Native Perspectives take a stand

Addressing issues of violence against women, cultural silencing, and colonialism through art

Native American women are murdered at rates 10 times higher than most United States citizens. This was just one of many issues discussed at “Native Perspectives on Arts, Culture and Justice,” a panel event series presented by We Can Listen at The Old Church Tuesday, May 8. The first half of the event welcomed six Native American artists who introduced themselves, their work and how their cultural heritage has informed their practice.

The ‘Missing Indigenous’

Film producers LaRonn Katchia and Isaac Trimble discussed their recent silent film Missing Indigenous, which seeks to raise awareness to the crises of missing Native American women. Their award-winning film has been shown internationally. “This is not just a Native American issue, this is an all Indigenous issue,” Trimble said. “We showed this in Paris—we had Melbourne and Mexico City next to us—some folks had no idea what was going on, and both of them said ‘you know, this happens in my country, and I’m so glad you said this….We put Missing Indigenous to mean all Native people.”

In addition, Katchia and Trimble named their group Team Red Fawn to raise awareness regarding the imprisonment of Red Fawn Falls, a water protector and political prisoner who was arrested at Standing Rock in October 2017. Standing Rock was not simply an issue related to water; the main issues involve who controls Native American land and what jurisdictional sovereignty indigenous tribes have in order to stop corporations from laying oil pipes through burial grounds.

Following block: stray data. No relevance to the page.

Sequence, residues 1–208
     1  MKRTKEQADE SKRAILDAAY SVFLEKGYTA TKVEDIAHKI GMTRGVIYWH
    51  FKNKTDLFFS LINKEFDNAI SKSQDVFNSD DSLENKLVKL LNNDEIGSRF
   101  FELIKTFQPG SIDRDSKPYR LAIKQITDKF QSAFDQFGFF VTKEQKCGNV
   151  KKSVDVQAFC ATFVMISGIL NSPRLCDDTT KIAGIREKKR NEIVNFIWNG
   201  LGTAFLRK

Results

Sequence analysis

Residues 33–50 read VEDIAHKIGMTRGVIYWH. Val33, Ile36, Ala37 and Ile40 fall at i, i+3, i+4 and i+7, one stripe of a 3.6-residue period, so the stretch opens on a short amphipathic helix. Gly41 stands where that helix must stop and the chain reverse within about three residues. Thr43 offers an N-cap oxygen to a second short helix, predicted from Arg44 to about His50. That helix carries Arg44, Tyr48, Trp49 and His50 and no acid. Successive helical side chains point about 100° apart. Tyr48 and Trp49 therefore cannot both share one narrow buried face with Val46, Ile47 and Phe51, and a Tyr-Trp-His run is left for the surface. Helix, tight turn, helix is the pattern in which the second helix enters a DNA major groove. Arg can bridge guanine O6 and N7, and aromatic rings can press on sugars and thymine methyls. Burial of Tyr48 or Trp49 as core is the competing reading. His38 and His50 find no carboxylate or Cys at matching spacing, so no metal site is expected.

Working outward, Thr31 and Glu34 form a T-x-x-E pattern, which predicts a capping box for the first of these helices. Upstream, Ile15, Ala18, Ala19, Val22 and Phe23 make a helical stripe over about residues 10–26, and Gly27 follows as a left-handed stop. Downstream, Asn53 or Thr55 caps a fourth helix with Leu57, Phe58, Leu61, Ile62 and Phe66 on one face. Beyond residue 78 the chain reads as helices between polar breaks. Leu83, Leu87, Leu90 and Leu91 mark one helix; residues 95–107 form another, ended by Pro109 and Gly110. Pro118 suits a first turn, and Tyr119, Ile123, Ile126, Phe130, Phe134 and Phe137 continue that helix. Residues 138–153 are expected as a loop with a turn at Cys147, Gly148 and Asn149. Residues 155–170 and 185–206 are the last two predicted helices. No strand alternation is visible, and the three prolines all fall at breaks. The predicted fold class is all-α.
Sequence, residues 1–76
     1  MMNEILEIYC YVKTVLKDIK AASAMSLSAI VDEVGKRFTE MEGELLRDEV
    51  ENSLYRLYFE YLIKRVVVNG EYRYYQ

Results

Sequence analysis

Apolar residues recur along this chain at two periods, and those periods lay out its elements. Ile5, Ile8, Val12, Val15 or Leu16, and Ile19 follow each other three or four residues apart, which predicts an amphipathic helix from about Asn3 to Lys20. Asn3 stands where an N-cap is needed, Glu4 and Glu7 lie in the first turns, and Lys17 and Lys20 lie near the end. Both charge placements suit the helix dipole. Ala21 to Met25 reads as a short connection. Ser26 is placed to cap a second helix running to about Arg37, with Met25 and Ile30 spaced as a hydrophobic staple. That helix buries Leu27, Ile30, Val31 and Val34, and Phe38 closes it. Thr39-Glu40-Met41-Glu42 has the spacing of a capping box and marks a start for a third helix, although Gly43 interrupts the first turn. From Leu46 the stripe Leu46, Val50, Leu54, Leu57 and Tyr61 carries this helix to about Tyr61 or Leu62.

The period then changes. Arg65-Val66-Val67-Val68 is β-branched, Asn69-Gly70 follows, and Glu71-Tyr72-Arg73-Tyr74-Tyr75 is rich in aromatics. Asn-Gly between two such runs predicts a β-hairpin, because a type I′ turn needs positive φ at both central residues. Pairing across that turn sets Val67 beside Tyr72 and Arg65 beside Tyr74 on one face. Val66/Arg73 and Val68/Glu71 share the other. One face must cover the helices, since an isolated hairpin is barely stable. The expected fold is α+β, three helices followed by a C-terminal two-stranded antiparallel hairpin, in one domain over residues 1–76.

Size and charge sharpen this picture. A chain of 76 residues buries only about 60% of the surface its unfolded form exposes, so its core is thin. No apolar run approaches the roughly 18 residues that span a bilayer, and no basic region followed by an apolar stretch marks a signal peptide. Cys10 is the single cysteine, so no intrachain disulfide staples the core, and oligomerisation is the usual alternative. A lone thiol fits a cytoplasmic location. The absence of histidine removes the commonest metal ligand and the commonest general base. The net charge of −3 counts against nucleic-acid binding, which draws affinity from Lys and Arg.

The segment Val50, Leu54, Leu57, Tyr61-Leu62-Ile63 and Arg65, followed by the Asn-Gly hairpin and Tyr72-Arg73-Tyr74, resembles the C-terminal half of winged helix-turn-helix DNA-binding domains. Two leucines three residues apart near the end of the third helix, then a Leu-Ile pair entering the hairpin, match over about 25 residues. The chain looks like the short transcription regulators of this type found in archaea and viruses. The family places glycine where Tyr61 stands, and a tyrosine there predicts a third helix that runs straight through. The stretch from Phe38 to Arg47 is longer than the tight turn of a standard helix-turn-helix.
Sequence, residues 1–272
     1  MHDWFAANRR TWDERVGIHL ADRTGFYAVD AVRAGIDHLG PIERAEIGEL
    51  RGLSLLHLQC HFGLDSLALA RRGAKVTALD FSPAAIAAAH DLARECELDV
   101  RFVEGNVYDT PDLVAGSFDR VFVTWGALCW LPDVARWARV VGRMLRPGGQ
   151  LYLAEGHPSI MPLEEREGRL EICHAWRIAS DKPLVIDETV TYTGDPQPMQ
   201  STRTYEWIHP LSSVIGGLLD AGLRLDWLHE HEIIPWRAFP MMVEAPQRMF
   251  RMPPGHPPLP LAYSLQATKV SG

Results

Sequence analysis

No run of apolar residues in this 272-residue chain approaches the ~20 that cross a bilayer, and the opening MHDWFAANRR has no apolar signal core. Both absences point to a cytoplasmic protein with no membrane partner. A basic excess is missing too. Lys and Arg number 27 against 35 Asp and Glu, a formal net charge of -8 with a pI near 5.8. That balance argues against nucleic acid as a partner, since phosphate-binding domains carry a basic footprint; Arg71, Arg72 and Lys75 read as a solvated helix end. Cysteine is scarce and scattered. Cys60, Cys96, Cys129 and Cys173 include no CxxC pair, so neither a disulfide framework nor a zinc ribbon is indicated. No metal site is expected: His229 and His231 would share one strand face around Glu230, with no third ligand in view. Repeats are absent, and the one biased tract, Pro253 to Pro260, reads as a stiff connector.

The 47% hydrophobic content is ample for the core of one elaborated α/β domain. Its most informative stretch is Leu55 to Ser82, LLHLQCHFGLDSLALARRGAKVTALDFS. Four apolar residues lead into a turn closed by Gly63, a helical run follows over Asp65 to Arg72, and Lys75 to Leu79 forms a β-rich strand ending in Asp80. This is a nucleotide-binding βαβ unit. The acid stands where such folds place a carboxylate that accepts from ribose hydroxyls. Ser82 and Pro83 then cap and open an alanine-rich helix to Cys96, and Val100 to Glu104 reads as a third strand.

Contentions involving jurisdictional sovereignty also interfere with the legal processes of solving missing persons cases. “At least just on Native lands, jurisdictions need to change,” said Brenda Mallory, one of the panel’s visual artists. “A huge part of the problem is certain Native lands are known as hunting grounds for sexual predators because they can come onto reservation land, commit crimes and can’t be prosecuted for it—except at the federal level, and the feds aren’t interested.”

“Most Native families never find a body,” said journalist and writer Jacqueline Keeler. “There is no body; they don’t get answers. They certainly don’t get the tribal police taking bullets and storming man camps.” Federal laws have tied the hands of tribes to be able to prosecute non-Native people for crimes on reservations. Keeler’s solution: “Change the laws.”

Reservation blues

Keeler recently wrote about the #MeToo movement and nationally renowned writer and filmmaker Sherman Alexie; Keeler expressed disappointment publishers who give Alexie power by not publishing more Native American writers. Recalling Alexie’s story, Keeler pointed out how Alexie said he would have died an alcoholic if it wasn’t for the eventual yes he got from a publisher. Alexie’s first novel Reservation Blues was published in 1995.

According to The Guardian in 2008, a highschool teacher introduced Alexie to the works of poets that included Leslie Silko, James Welch and Joy Harjo:

“It was the first time I’d seen anything creative by an Indian. Everything else was archaic, loincloth literature. But they combined the day-to-day desperation of being Indian with the magic of being alive, in poems about powwows, broken-down cars, the food we eat, basketball. It was a revelation.”